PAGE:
Article Highlight | 7-Mar-2024

Deciphering the genome of cornus wilsoniana: A leap towards understanding oil biosynthesis and floral development

Nanjing Agricultural University The Academy of Science

Cornus wilsoniana W., a valuable woody oil plant native to China, is known for its high oil content and hypolipidemic effects. Despite its economic and ecological importance, research has been hampered by the lack of detailed genomic information, specifically a chromosome-level reference genome. This gap limits understanding of the molecular mechanisms behind its oil biosynthesis. Initial studies have made some progress, but comprehensive genomic research is crucial for uncovering the genetic basis of oil production in C. wilsoniana and optimizing its use as a dietary and medicinal resource.

In September 2023, Horticulture Research published a research entitled by “A chromosome-level genome assembly provides insights into Cornus wilsoniana evolution, oil biosynthesis, and floral bud development”.

In this study, researchers first collected fresh young leaves of C. wilsoniana from Guangdong, China, and a draft genome assembly of C. wilsoniana was created using PacBio and Hi-C data. Based on the chromosome-level assembly of the 11 chromosomal anchors, the genome size was estimated to be 843.51 Mb. The calculated N50 contig size and N50 scaffold size were 4.49 and 78.00 Mb, respectively. In addition, 30,474 protein-coding genes were also annotated. This high-quality assembly was validated against physical chromosome lengths, showing a high degree of accuracy and completeness, with 97.71% of core genes identified. Comparative genomics with 19 species illuminated the evolutionary relationships and identified specific gene families in C. wilsoniana, highlighting its close relation to C. controversa and shared whole-genome duplication (WGD) events. The research further infered the origin of the chromosomes, thus revealing the complex evolutionary history of the C. wilsoniana karyotype.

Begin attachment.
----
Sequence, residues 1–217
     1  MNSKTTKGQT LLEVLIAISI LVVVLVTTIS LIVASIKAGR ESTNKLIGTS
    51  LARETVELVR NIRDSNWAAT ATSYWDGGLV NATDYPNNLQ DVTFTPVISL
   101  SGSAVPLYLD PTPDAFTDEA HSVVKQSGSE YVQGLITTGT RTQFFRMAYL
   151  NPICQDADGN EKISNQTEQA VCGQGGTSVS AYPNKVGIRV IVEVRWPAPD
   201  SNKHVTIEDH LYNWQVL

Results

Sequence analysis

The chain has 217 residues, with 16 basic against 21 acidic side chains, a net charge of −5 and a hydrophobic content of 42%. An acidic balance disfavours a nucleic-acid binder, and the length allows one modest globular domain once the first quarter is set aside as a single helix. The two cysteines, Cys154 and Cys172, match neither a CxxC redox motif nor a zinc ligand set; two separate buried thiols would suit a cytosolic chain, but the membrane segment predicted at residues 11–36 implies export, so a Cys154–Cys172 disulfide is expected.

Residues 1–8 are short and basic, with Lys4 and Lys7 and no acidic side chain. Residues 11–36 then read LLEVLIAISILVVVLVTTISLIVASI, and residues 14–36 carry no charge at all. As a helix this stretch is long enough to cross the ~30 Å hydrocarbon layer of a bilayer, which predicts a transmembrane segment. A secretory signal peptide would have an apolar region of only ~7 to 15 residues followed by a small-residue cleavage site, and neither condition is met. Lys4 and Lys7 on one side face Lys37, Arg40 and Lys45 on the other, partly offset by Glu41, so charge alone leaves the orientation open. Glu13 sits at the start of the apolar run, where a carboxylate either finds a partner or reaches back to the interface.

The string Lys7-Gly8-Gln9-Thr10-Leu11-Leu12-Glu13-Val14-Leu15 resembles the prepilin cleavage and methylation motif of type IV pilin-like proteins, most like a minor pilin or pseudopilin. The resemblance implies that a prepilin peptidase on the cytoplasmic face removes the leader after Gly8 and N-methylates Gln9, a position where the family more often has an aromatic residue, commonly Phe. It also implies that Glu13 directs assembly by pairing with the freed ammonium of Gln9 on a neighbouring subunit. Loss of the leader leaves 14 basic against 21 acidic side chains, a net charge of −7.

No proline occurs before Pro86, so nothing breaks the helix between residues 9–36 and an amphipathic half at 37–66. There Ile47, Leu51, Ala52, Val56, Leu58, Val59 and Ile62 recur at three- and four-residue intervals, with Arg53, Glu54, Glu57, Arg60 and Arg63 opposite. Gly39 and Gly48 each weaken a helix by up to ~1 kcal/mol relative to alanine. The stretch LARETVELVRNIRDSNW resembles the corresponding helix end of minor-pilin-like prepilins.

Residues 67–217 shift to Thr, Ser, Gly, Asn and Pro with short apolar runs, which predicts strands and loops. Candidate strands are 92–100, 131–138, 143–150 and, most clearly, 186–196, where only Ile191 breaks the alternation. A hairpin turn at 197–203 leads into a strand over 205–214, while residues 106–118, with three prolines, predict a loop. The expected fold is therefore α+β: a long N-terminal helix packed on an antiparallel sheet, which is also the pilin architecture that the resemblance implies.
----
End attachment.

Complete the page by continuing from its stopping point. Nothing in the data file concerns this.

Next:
Key genes involved in oil biosynthesis were identified, showing a significant number of genes related to acyl lipid synthesis. Through manual examination and database searches, 80 candidate genes for fatty acid and triacylglycerol biosynthesis were pinpointed, with 55 showing expression in various tissues. Transcriptional and metabolic analyses identified two FAD2 homologous genes, which may play crucial roles in controlling the ratio of oleic acid to linoleic acid. The correlation between metabolites and genes was further investigated, and 33 MADS-TF homologous genes that may affect Wilson flower morphology were identified. This revealed key transcription factors and pathways involved in flower formation, offering insights into the genetic control of floral traits.

Overall, this research provides a valuable genomic resource for understanding the genetic basis of important traits in C. wilsoniana, including oil biosynthesis and floral bud development. It lays the foundation for future breeding efforts to enhance these traits and explores the plant's evolutionary history, highlighting its significance in the study of plant genomics and evolution.




Zhenxiang He1,†, Haoyu Chao1,2,†, Xinkai Zhou1,†, Qingyang Ni2, Yueming Hu2, Ranran Yu1, Minghuai Wang3, Changzhu Li4, Jingzhen Chen4, Yunzhu Chen4, Yong Chen5, Chunyi Cui6, Liangbo Zhang4,7,*, Ming Chen2,* and Dijun Chen1,*

†Equal contributions and joint first authors.


1State Key Laboratory of Pharmaceutical Biotechnology, School of Life Sciences, Nanjing University, Nanjing 210023, China

2Department of Bioinformatics, College of Life Sciences, Zhejiang University, Hangzhou 310058, China

3Forest Protection Department, Guangdong Academy of Forestry, Guangzhou 510520, China

4State Key Laboratory of Utilization of Woody Oil Resource, Hunan Academy of Forestry, Changsha 410004, China

5Xishan Forest Farm, Dazu District, Chongqing 402360, China

6Longshan Forest Farm, Lechang 512221, China

7Hunan Horticultural Research Institute, Hunan Academy of Agricultural Sciences, Changsha 410125, China

About  Dijun Chen

 Associate Professor, School of Life Sciences, Nanjing University. Mainly engaged in bioinformatics research on gene transcription regulation.

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